Step 4. Sending in a Proposal

In the evening you should prepare the proposal and send it to the customer.

Take your time to put it together in a way that the client can see for himself the value of your work. If there are any specifics make sure you include a picture you took from the job-site. That way you can emphasize where the issue is and how your solution addresses that problem.

Try not to increase your profit margins on materials too much. Customers are smart enough nowadays to Google the basic costs. You may come across greedy if you add on too much. The added cost should at least cover your costs with transport and labor + taxes.

To get to healthy profit margins, you should put the correct price on the value of your service. You should always shoot for at least a 50% profit margin on a job.

This will enable you to invest that money back in your business so you can thrive.

Step 5. On the Job

Once on the job, your review-building process doesn’t stop.

Let the customer know when you’re coming in and when you start. Mention the amount of noise you’ll be making in the case they have a baby or small child.

You should be careful with the customers’ concerns throughout the buildout. Educate them if needed on materials or processes if they’re curious. Don’t get into arguments with them on what is wrong or right. Especially things that are outside of the job, like politics or religion.

Your team is an extension of you, so they should be professional about their job.

Make sure they don’t bad-mouth you, the customer, or the materials/products they’re using at any point. This will destroy all the trust you’ve built in an instant.

Try to have a small 1-3% budget included in the pricing of the job for unexpected tasks the customer might have. That way you won’t get frustrated about derailing from the project. The customer will be happy that you went out of your way to help them out.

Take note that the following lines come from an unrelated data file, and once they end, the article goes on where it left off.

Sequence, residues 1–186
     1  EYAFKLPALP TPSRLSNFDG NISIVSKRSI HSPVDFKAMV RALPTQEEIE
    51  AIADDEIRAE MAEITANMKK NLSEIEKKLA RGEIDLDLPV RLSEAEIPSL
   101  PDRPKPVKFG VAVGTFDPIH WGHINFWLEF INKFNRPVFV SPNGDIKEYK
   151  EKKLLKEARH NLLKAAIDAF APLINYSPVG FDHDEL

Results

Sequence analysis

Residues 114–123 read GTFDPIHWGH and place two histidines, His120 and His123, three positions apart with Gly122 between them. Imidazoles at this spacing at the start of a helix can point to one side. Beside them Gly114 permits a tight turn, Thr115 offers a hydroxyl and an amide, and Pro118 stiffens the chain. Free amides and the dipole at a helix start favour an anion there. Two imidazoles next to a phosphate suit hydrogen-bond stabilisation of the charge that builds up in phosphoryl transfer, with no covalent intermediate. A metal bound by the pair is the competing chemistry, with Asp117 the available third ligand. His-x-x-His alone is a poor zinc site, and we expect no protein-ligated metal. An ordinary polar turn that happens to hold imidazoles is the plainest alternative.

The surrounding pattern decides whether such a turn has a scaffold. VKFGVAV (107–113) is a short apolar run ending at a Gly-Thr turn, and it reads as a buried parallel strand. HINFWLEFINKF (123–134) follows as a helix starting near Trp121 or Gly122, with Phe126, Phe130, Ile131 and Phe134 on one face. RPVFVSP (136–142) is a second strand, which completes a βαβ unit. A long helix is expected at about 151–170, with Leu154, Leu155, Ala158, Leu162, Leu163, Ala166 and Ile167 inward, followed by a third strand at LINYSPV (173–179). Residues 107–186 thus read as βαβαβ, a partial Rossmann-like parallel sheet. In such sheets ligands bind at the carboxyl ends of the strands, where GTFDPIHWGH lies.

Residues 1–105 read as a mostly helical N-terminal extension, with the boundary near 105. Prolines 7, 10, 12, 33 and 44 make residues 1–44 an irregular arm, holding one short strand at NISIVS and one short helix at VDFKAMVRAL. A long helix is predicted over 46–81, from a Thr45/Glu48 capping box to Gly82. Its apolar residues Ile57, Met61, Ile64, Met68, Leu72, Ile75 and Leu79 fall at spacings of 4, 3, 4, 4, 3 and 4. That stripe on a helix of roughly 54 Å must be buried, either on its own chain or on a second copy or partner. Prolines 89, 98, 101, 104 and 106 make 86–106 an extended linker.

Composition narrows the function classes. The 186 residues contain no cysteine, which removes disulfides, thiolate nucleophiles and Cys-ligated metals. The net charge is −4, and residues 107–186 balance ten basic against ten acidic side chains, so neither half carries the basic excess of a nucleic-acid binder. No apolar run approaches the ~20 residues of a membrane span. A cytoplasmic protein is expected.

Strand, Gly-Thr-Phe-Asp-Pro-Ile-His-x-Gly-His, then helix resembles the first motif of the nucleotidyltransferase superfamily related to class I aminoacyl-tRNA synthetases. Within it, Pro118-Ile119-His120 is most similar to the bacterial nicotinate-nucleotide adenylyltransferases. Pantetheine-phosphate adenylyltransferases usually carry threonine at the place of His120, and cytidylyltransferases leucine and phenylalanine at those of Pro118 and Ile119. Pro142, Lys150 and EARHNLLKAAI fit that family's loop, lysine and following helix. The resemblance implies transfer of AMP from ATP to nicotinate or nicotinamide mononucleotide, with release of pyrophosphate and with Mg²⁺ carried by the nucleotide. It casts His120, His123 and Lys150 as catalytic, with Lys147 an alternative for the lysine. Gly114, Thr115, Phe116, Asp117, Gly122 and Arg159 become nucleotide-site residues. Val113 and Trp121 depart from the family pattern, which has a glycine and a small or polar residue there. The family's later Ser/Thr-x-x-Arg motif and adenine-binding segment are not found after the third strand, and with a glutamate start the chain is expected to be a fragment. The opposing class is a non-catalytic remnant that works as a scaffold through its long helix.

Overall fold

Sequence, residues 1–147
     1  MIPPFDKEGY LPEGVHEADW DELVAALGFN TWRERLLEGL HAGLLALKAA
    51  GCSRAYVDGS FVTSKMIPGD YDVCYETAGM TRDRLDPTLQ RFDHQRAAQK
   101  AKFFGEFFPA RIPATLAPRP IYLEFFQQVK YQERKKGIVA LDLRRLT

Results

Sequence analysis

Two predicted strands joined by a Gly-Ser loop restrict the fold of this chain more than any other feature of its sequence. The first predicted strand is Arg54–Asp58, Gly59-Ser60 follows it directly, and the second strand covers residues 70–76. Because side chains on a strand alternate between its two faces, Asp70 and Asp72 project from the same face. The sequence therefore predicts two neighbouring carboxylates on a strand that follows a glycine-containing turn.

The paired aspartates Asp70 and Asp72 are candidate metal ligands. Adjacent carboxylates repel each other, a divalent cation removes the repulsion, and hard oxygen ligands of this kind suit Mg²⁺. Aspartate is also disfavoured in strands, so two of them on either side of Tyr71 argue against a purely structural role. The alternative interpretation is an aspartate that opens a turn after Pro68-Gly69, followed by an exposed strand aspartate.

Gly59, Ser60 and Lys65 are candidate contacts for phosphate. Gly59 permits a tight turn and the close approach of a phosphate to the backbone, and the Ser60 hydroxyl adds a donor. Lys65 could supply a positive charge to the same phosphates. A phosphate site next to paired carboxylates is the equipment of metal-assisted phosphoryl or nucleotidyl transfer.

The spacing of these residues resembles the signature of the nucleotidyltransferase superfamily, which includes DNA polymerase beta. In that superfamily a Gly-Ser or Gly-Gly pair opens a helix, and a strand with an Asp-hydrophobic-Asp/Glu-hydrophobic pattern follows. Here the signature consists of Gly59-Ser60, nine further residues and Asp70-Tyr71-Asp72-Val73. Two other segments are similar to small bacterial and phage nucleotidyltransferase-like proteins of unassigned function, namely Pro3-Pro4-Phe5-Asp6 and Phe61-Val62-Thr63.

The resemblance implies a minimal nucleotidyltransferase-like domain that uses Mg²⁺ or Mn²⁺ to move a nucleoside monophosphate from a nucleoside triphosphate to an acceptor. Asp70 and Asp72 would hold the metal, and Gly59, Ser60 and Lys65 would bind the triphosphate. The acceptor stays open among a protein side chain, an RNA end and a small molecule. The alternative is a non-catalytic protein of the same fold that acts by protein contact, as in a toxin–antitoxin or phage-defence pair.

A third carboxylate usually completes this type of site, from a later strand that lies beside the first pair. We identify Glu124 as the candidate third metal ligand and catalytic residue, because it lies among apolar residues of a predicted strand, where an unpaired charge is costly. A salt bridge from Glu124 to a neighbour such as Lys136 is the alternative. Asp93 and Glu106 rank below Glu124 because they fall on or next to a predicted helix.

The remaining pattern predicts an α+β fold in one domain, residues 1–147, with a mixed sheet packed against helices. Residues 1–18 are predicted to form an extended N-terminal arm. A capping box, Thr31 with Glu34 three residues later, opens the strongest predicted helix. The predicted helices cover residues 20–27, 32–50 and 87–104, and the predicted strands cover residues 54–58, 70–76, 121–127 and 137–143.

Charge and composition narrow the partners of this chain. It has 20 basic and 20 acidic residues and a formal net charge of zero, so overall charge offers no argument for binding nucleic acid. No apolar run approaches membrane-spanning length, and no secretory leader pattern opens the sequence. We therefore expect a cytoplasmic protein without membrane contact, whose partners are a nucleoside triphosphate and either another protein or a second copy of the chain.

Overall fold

Or you could do it because you genuinely care.

Step 6. Handing over the job

Before handing over the job, make sure to clean up the job site. I’ve seen this trend in a lot of negative reviews. Even though the job went well, the homeowner complains that the company didn’t clean up the mess. Don’t be one of those guys.

After everything is clean and tidy, take the customer on an inspection of the job you and your team did. Take note of any issues and fix them on the spot if possible.

This should offset any issues your customer might discover at a later date. It will also ensure that the job was well done.

Feel free to let them know where the job was challenging and how your team knocked it out of the park.

Take your time to compliment on how well the job went and how it was a pleasure to work for them.

And now it’s finally time…

Step 7. Getting that stellar review

Asking for reviews is not wrong if you do it the right way.

According to BrightLocal, 72% of people that were asked to write a review, went on to do so.

If you’re thinking about it… please note that incentivizing customers to leave a review is wrong and frowned upon by most platforms.

In recent research done by pulseM, they discovered that the best time for a customer to leave a review is as fast as possible.

After 1 day, a customer is 3 times less likely to leave a review, while after 2 days they’re 5 times less likely to leave one.

So it’s crucial you do this step right after finishing positively the walk-through of the job.

At the peak of your customer’s happiness with your service, you should start by genuinely thanking them for the opportunity to work on their project.

And then create a pre-frame for a review as well as uncover any hidden objections, issues.

Mrs. Webb,

Thank you for the opportunity of working on your project.

I think it came out great. As you probably know, I strive to offer 5-star service. Is there anything that we’ve done that has fallen short of that promise?

Now shut up and listen. If there’s an issue fix it ASAP. If they are thrilled, continue.

That means a lot to me and my team. Thank you.

Would you mind sharing your experience in a review on Google? It will take 3 minutes and will help other great customers like yourself find the right company for their project.

At this point they should say “Yes, of course!”

I am humbled. Thank you.